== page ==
Do you believe in magic? You will after you read this week’s tip! ✨
But first: I’m including a “link of the week” in each issue to share something that I think is worth checking out!
🔗 Link of the week
Nine years after first reading it, this remains my top recommended text for learning the foundational principles of Machine Learning. Although the book’s code was originally written in R, the authors released a Python version which uses libraries like scikit-learn, statsmodels, NumPy, Matplotlib, and PyTorch.
👉 Tip #24: Use IPython magic commands for easier coding
I’m going to show you some “magic” tricks that will improve your coding experience in Jupyter. But first, a quick history lesson… 📖
In the early days of the Jupyter Notebook, it used to be called the IPython Notebook. That’s because it was initially built for Python only, whereas now the Notebook supports many other programming languages.
But why was it called the “IPython Notebook”, not the “Python Notebook”?
That’s because the IPython Notebook was built on top of IPython, which is an Interactive Python shell. IPython is basically a better version of the standard Python shell.
One of the neat features of IPython is “magic commands”, which I’ll demonstrate below. And because the IPython Notebook (and thus the Jupyter Notebook) was built on top of IPython, you can use IPython magic commands from within Jupyter! 🪄
Line magics vs Cell magics
There are two types of IPython magic commands:
- Line magics apply to one line of code, and they start with
- Cell magics apply to an entire cell, and they start with
For example, you can use the line magic
%lsmagic to list all of the magic commands:
You can use another line magic,
%quickref, to open a “quick reference card” that briefly describes each of the commands. (Try it out!)
Below are some of my favorite magic commands... 👇
%time runs a line of code once, times how long it took to run, and displays the output of the code:
%timeit runs a line of code many times and averages the timing results (for greater accuracy), but it does not display the output of the code:
%time for long-running processes (like a scikit-learn grid search) in which I want to know how long it took to run but I don’t actually want to watch it run!
%timeit when I need to accurately compare the performance of two different lines of code.
The use cases for
%%timeit are the same as the line magics above, except that these cell magics time the entire cell:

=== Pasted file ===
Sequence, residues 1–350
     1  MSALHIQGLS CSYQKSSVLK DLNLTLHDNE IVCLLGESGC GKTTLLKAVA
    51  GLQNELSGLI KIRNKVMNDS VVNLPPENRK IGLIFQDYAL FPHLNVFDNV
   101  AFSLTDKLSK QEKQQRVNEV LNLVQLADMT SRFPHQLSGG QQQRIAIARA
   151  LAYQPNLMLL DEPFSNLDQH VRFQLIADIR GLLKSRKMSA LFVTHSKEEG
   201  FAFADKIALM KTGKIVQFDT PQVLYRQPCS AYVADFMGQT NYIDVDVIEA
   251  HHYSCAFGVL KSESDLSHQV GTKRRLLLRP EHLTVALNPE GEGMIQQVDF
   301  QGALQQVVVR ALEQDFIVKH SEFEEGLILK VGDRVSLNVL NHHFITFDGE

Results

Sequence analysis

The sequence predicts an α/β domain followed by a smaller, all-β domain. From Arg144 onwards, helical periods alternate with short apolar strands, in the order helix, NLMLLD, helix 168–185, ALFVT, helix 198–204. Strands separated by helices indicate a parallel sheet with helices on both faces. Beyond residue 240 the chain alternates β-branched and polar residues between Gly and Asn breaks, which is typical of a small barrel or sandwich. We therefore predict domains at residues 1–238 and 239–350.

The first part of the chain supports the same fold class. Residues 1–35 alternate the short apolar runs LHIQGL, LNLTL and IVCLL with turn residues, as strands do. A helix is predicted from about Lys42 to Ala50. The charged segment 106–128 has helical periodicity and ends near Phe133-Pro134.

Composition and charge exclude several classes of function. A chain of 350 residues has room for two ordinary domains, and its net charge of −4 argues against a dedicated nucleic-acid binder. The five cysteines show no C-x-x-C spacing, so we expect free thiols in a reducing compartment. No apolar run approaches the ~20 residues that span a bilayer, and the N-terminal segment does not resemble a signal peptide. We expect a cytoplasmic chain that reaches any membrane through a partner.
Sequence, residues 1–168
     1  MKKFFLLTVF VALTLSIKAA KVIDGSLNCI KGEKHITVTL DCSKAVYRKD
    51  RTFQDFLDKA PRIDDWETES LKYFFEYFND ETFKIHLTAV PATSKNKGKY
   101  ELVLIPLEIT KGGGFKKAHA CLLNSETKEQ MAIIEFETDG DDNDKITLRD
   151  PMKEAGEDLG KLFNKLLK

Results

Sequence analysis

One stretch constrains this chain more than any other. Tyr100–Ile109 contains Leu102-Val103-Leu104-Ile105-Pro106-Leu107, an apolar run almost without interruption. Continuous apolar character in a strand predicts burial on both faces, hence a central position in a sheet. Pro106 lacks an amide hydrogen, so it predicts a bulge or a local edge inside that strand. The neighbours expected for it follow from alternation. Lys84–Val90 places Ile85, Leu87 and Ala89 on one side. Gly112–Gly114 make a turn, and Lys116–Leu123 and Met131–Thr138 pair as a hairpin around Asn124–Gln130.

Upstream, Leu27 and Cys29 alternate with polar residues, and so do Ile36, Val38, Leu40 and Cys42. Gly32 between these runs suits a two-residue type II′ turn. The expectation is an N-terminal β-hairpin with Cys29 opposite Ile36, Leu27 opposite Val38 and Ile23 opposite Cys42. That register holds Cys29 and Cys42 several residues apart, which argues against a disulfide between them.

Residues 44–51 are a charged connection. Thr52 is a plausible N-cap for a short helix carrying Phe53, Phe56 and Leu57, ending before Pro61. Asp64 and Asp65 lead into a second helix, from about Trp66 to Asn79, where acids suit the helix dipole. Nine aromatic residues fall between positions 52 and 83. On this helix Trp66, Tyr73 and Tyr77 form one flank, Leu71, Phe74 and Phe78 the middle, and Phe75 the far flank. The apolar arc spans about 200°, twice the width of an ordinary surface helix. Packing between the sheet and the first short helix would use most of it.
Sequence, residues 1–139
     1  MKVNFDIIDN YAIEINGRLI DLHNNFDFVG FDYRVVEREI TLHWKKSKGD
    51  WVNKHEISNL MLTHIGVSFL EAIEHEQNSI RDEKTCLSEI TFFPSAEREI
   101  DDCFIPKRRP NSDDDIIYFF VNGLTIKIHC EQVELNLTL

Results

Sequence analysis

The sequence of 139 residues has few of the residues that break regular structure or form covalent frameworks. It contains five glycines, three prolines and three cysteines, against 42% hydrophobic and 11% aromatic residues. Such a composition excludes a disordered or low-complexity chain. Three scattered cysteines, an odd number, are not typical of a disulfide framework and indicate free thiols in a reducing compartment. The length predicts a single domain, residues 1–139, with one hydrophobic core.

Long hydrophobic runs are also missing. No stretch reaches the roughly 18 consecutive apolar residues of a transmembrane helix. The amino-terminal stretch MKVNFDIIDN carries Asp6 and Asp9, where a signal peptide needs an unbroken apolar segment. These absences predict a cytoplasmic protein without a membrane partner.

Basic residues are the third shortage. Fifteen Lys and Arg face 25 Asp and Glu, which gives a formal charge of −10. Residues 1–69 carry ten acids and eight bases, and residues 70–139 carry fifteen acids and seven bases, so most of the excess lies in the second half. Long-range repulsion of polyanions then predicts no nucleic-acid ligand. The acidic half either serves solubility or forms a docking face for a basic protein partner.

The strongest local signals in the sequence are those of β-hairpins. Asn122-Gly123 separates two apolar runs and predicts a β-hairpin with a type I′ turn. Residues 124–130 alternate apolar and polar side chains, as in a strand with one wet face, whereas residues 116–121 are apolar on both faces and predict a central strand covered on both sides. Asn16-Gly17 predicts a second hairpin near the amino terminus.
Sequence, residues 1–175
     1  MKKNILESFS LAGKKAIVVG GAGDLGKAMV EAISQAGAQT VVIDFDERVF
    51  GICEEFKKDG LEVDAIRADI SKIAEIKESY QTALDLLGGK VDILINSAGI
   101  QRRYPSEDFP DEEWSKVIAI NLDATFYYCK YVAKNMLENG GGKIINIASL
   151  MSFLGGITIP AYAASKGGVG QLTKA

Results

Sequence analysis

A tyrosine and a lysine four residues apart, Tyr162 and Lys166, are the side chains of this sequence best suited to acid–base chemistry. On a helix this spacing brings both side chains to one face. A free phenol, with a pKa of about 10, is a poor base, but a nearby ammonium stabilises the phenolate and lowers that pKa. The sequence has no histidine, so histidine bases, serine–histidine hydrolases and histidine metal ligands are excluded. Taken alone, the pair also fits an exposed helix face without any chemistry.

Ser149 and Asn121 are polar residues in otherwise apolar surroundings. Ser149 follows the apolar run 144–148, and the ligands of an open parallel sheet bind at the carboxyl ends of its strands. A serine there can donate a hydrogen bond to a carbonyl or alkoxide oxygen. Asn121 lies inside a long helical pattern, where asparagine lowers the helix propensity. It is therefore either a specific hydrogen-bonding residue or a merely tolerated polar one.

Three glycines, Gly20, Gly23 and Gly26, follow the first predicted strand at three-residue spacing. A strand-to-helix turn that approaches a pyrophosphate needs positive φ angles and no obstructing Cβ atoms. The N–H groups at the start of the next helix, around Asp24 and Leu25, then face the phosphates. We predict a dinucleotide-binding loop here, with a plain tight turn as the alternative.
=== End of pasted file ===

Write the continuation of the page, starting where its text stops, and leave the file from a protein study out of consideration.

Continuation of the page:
%who shows you all of the variables you’ve defined in the current session:
%whos is similar, but it prints some extra information about each variable:
%whos can be filtered by data type:
%history shows your input history from the current session:
There are many useful options for %history, which you can learn about by adding a question mark after the command:
(The question mark allows you to get help with any object in Jupyter, not just magic commands!)
One useful option is to add
-n for line numbers:
If you really want to blow your mind, use the
-g (global) option to see your entire history, meaning every command you've ever typed into Jupyter 🤯
That may overflow Jupyter, so you can include the
-f option to save it to a text file:
(The last line in my text file is “5230/15”, which means that I’ve started 5230 Jupyter sessions on this computer 😅)
A more practical use of
%history -g is to search for a particular line of code that you’ve written in the past. For example, I can filter my history to only show input that included “df”:
Another line magic that pairs well with
%pastebin, which makes it easy to share your code with someone else. For example, this code uploads lines 1 through 6 of your current session’s input history to a pastebin website:
You can then share the unique URL with anyone you like, and here’s what they would see:
There are many more magic commands, which you can read about in the IPython documentation.
There are also other IPython features worth learning about, such as the ability to run shell commands from within Jupyter!
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See you next Tuesday!
P.S. Officer: pop the trunk
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